If I were a company who wants data science services rooted on social media expertise, would I seriously get help from Rappler’s Reach Social when the fact of the matter is that they suck at social media themselves?
Of course not. And that is really, really, really bad for Rappler’s fourth and remaining revenue stream.
Rappler, the Social News Network
Rappler describes itself as a “social news network”, so it has to have a pretty good understanding of how online social interactions work, right? But why does it fail so badly in social media?
In the same 2013 interview with SEA Global, Ressa said, “So many studies show that 80% of the decisions people make in their lives are based on what they feel, on their emotions,” Ressa said, “It’s true in real life. The internet only magnifies it.”
Ressa apparently failed to tell this to her Rapplerettes because just several weeks ago, a petite bourgeoisie Rappler moderator lashed out on a reader with: “Ngayon, kung gutom ka, huwag ka dito mag-alburoto (Now, if you’re starving, don’t vent your frustration here.)”
Now, let’s ask: How did Ressa’s Rapplerettes make their readers feel?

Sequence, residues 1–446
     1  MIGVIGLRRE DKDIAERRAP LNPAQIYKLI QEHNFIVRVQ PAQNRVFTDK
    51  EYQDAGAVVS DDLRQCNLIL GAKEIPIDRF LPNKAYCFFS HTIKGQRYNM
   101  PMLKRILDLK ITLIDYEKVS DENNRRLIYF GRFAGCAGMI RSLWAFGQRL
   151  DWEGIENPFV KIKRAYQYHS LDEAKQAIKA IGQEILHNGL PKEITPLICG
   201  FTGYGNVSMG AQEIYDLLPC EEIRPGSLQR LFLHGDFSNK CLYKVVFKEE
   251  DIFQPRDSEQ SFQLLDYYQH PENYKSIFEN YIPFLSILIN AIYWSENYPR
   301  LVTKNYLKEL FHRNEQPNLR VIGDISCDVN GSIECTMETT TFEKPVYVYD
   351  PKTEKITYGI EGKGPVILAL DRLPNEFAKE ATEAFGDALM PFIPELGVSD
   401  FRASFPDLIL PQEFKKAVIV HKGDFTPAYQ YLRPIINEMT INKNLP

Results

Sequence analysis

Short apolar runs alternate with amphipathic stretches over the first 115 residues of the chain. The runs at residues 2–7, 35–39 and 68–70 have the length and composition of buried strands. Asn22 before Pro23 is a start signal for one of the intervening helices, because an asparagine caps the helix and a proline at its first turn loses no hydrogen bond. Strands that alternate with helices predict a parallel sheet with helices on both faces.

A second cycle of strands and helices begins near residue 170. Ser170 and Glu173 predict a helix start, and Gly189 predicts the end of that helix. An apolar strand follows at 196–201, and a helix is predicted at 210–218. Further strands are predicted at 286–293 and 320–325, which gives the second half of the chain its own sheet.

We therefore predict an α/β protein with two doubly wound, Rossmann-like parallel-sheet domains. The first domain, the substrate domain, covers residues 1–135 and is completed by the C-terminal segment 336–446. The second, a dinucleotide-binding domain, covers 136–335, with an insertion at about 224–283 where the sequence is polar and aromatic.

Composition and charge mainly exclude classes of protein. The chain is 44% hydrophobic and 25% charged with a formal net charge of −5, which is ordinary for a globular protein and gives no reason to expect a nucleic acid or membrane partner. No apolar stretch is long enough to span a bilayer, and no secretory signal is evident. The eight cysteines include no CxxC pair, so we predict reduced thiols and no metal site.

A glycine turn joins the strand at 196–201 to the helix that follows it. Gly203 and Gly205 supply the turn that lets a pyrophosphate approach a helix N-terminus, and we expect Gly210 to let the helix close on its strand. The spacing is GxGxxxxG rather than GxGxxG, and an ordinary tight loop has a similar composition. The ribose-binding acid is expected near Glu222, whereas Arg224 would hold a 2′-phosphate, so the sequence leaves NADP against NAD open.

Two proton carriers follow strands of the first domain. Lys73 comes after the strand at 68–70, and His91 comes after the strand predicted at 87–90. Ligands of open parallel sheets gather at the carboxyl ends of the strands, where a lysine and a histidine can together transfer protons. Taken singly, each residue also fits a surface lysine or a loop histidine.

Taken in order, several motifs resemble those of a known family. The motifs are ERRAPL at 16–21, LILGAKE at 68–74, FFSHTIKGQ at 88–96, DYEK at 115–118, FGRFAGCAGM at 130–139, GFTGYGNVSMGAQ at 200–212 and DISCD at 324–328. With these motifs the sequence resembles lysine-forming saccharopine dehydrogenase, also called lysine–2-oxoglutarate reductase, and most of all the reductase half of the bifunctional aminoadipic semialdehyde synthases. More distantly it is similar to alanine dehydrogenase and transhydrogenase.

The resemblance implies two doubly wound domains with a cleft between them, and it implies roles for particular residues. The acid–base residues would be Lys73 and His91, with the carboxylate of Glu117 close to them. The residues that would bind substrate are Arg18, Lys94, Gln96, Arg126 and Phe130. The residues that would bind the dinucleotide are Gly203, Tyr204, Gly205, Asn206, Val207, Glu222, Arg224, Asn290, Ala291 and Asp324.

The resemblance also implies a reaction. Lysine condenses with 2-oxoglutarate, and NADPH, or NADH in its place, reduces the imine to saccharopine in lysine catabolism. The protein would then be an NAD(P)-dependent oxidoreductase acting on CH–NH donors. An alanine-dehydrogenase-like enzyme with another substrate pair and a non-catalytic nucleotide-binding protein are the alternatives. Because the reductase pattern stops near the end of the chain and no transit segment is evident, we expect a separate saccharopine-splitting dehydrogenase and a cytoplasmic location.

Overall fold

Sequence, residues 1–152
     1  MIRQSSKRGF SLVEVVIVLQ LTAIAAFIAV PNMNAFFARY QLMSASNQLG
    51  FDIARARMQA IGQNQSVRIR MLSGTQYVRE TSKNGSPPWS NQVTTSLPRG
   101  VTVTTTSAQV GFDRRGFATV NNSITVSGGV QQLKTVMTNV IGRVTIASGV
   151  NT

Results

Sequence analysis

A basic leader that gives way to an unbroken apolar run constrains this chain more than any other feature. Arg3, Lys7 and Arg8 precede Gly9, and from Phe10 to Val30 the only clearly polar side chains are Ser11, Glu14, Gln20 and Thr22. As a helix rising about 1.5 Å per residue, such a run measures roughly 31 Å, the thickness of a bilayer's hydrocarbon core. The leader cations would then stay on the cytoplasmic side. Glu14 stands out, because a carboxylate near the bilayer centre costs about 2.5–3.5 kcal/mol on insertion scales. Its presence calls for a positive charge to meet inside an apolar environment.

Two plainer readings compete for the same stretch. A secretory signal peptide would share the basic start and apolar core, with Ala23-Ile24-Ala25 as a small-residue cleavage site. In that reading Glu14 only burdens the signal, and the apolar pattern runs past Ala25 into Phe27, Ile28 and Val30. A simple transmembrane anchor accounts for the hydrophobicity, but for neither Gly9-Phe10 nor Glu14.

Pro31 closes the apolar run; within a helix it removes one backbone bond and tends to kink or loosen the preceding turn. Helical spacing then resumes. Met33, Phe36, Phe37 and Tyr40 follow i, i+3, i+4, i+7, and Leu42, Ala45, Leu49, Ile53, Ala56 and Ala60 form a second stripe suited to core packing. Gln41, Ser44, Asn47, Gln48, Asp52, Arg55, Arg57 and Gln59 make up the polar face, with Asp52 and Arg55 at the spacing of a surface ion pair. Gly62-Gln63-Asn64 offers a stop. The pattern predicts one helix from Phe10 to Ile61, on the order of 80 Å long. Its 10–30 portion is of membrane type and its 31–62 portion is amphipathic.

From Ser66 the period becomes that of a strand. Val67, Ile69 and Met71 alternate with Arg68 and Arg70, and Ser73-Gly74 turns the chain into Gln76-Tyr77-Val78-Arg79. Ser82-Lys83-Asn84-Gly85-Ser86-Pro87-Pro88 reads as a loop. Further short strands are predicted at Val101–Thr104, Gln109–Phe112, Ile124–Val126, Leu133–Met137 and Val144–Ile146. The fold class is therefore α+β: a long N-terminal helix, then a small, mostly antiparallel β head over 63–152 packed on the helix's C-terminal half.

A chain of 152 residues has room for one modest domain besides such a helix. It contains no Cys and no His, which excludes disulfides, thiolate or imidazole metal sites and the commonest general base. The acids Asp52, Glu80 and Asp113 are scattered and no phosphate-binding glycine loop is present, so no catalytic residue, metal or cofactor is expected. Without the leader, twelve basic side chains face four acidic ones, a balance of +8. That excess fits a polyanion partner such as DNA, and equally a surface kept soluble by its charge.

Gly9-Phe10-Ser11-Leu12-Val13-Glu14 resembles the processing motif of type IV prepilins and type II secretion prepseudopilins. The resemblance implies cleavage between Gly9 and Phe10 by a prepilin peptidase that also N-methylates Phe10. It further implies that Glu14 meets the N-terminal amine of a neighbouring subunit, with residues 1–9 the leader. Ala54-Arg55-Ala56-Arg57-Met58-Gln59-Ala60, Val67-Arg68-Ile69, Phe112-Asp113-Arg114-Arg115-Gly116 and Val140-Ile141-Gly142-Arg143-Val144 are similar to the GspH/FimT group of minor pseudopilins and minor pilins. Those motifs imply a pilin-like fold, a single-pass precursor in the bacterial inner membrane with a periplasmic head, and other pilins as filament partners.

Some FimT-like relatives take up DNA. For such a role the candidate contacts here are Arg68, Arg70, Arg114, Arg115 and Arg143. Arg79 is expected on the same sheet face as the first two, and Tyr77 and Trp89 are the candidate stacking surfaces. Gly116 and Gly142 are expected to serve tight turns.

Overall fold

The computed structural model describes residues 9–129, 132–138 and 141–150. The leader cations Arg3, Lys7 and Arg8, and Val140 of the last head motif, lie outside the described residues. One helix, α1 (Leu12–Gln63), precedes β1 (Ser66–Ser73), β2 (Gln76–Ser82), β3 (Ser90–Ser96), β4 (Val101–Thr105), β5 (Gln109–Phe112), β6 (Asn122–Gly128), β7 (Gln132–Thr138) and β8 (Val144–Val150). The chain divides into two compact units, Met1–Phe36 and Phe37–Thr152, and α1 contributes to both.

But no! Ressa believes they did no wrong. She even went as far as launching its #NoPlaceForHate campaign, a campaign that sorely failed because  it’s hypocritical so people generally dismissed it as hogwash, and  Rappler’s weakening social media presence failed to provide it traction.
Simply put, Rappler is the anti-social social news network, and I guess you know what happens to things like that.
Yes, Rappler can “change for the better”, but while Ressa is busy practicing her time-tested assholery, independent social players are lapping up their subscriber base, assuming that Rappler still has any left.
At this point, I feel that it’s too late for Rappler, but who knows? Miracles do happen.
Quoting Her Loveliness Alma Moreno, “Dasal. Dasal lang talaga.” [ThinkingPinoy]
NOTE: I didn't proofread the article anymore. It's not worth the extra time.